*Image from a drawing I bought at an art fair that hangs in my office, artist’s name illegible
I think it was Lou Reed, on a song from his landmark late-80s album New York, who sang about the “duality of nature, human nature, godly nature splits the soul.” I’m not sure I knew what he was talking about when I was listening to that song in my car on cassette, driving around Northwest Arkansas. As I’ve gotten older, I’ve started to piece that together a little better. For example, on a superficial level, I can tell you that autumn is my favorite time year (“autumn’s sweet, we call it fall” as the Chili Peppers sang). At the same time I can tell you that I hate this time of year. The faceless corporation I work for does most of it’s business in December so autumn and early winter are always insanely busy. My travel goes up, my time to listen to rock and roll goes down. The only thing that throws the balance of autumn to the positive is football and well, it is bourbon season.
Being so busy this time of year has prevented me from my favorite past time – holing up in the B&V labs and scribbling about the music that shaped my life. I’m long overdue for a post, but enough about me. I got home from one of my interminable business trips this Friday, dropped my suitcases in an exhausted heap and learned that the Rock Chick had bought us tickets to see the new bio-pic about Freddy Mercury and Queen, ‘Bohemian Rhapsody.” This was quite a delightful surprise. She was not keen to go see this movie. Earlier in the week, there had been an intense negotiation around which flicks we would be seeing in the near term. In exchange for her going to ‘Bohemian Rhapsody,’ I fear I may have committed to go to ‘A Star Is Born.’ Say what you want about Lady Gaga, (and while I think she’s talented, I’m not a fan…not my style), Kris Kristofferson and Streisand own that movie for me… Little known fact, Streisand originally asked Elvis to play the part of the druggy, burned-out rock star… He (or more likely, the Colonel) turned her down. They speculate that taking the role could have saved his life. He’d have had to sober up and get in shape. At least Baabs tried. What might have been…?
Last night, I finally got to do something other than work and we went to see ‘Bohemian Rhapsody.’ The movie stars Rami Malek as Freddy Mercury, Ben Hardy as Roger Taylor, Joseph Mazzello as John Deacon (or Deacon John as we knew him back in the day), and finally Gwilym Lee as Brian May. Gwilym? This kid’s parents must have been hippies or had a strange sense of humor. Not enough can be said about the performance of Lucy Boynton as Mary Austin, Freddy’s long time friend and briefly, his wife. I will be the first to admit, this movie is flawed. The timeline as to which songs or which albums were released was way off. Probably only an OCD rock fan with a blog would notice but I kept muttering about it to the Rock Chick. I think Freddy was probably a tortured soul and struggled with his own “duality of nature” if you will, and I think Rami Malek captures that well. However, I think there was a lot of joy in Freddy’s life and I don’t think they captured enough of that. Freddy always looked like he was having a great time to me. All of that aside, as a rock fan, I really liked this movie. But then, I really love Queen.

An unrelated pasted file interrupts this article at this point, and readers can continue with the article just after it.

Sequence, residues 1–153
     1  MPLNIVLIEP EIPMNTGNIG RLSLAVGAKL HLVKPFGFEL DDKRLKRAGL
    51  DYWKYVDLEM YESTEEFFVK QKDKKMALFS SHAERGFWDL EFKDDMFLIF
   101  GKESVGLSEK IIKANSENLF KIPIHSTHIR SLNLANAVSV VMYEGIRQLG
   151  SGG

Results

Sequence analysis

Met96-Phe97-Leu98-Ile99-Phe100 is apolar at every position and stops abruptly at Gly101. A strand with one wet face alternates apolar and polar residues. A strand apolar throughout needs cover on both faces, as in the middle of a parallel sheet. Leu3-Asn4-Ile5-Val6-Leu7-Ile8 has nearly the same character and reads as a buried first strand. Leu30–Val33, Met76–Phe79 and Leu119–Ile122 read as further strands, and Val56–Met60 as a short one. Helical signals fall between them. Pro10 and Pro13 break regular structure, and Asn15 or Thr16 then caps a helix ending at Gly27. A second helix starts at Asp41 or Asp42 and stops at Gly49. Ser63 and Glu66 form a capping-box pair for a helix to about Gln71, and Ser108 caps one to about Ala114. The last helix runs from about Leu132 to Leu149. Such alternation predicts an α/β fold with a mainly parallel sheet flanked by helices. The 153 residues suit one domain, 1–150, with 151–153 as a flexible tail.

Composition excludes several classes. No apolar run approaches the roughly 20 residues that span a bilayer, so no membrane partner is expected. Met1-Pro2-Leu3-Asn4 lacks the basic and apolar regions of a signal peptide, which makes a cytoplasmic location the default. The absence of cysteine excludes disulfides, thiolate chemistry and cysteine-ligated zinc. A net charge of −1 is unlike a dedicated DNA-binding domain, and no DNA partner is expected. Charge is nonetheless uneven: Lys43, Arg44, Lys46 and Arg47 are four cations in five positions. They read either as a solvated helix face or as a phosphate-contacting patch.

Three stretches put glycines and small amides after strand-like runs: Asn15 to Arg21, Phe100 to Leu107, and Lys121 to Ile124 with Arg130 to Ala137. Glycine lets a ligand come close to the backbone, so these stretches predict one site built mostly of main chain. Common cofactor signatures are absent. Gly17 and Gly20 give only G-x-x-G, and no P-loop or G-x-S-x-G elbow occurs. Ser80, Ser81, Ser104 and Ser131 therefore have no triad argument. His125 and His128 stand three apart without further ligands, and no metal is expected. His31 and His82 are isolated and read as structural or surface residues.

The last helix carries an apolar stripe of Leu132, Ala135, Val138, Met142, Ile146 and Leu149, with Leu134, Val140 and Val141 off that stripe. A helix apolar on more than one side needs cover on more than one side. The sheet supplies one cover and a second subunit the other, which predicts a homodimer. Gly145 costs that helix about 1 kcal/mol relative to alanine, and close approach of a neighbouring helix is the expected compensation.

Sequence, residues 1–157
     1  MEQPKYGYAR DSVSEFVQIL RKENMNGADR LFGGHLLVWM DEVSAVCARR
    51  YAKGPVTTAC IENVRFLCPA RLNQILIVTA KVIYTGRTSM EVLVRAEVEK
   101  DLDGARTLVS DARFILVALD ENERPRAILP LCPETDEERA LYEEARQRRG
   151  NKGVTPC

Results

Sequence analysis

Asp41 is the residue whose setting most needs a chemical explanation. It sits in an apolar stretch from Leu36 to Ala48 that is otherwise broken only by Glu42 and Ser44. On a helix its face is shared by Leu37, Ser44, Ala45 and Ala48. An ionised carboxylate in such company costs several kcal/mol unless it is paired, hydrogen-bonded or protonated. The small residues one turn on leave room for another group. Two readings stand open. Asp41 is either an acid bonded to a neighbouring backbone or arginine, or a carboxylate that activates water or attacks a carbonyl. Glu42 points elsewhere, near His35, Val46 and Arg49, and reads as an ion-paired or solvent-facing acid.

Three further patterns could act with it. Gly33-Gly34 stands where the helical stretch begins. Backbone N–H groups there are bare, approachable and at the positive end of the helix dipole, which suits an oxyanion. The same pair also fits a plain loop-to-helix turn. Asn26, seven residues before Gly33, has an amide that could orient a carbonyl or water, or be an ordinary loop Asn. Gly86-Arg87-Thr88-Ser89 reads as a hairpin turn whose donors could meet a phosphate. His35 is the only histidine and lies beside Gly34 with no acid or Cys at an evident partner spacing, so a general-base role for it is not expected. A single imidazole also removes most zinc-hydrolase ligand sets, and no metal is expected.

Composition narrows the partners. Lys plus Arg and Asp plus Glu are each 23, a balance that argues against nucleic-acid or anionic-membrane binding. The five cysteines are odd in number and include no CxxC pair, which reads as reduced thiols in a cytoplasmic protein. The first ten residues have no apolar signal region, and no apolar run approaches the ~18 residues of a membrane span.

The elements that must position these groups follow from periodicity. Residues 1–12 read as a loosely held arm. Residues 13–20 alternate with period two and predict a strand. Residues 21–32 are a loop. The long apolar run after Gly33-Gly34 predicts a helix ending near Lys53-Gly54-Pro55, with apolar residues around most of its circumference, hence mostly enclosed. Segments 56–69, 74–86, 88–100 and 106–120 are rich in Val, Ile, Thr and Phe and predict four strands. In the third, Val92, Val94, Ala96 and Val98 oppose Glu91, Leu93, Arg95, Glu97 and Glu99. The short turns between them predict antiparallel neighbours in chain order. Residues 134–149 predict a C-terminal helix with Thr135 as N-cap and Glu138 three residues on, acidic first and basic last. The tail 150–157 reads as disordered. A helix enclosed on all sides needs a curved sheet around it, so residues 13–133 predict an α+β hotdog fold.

Queen were already international rock stars when my own rock and roll awakening took place in 7th or 8th grade. My parents weren’t musical, they never played the radio, but somehow there were just certain songs or groups that seemed to pierce my consciousness. I can distinctly remember going to the pool in the summer, which was literally my only exposure to pop music when I was a kid (except those rare times I went into my brother’s room, he was far more advanced musically than I was), and being aware of hearing “Rhiannon” by Fleetwood Mac and “Killer Queen” by, of course, Queen. I was literally aware of Queen before I was aware of rock and roll.
My first vinyl Queen purchase was 1977’s News Of The World. It was one of the first rock albums I’d purchased. You couldn’t get away from the lead singles “We Will Rock You/We Are the Champions.” The “Champions” part was Freddy’s snarky reply to the punks, and probably the best reply by a “classic” rock band other than “Who Are You?” Who would have dreamed a band fronted by a gay man would pen a song that would be played in every arena and stadium at every macho sporting event for the rest of recorded time. I simply loved that album. It had a little bit of everything. People forget that Queen started as a hard rock band with prog rock influences. While they rocked, they could certainly roll too. Freddy, very early on, cited Robert Plant as a singing idol. Metallica has covered some of their early stuff… News Of the World had plenty of hard rock (“It’s Late” is my perennial favorite), but it also had piano ballads (“My Melancholy Blues”), disco (“Get Down Make Love”) and epic arena rock (“Spread Your Wings”).